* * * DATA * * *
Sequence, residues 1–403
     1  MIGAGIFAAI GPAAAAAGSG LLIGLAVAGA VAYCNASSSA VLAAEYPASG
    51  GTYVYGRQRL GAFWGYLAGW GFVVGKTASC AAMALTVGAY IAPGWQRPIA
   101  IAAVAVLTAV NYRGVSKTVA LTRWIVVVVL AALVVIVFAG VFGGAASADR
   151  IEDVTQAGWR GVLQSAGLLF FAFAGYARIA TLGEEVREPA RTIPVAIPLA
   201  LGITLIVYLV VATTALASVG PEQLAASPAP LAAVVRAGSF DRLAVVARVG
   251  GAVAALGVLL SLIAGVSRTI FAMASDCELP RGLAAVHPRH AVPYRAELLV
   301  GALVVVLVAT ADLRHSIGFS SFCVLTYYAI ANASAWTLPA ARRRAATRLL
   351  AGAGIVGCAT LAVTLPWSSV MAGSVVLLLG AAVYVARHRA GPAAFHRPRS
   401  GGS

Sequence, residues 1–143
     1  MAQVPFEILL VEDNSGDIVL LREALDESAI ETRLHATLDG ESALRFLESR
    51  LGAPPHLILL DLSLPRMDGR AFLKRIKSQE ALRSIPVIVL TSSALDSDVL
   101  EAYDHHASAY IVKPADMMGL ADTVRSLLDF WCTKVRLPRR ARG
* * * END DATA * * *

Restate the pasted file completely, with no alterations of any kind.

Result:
Sequence, residues 1–403
     1  MIGAGIFAAI GPAAAAAGSG LLIGLAVAGA VAYCNASSSA VLAAEYPASG
    51  GTYVYGRQRL GAFWGYLAGW GFVVGKTASC AAMALTVGAY IAPGWQRPIA
   101  IAAVAVLTAV NYRGVSKTVA LTRWIVVVVL AALVVIVFAG VFGGAASADR
   151  IEDVTQAGWR GVLQSAGLLF FAFAGYARIA TLGEEVREPA RTIPVAIPLA
   201  LGITLIVYLV VATTALASVG PEQLAASPAP LAAVVRAGSF DRLAVVARVG
   251  GAVAALGVLL SLIAGVSRTI FAMASDCELP RGLAAVHPRH AVPYRAELLV
   301  GALVVVLVAT ADLRHSIGFS SFCVLTYYAI ANASAWTLPA ARRRAATRLL
   351  AGAGIVGCAT LAVTLPWSSV MAGSVVLLLG AAVYVARHRA GPAAFHRPRS
   401  GGS

Sequence, residues 1–143
     1  MAQVPFEILL VEDNSGDIVL LREALDESAI ETRLHATLDG ESALRFLESR
    51  LGAPPHLILL DLSLPRMDGR AFLKRIKSQE ALRSIPVIVL TSSALDSDVL
   101  EAYDHHASAY IVKPADMMGL ADTVRSLLDF WCTKVRLPRR ARG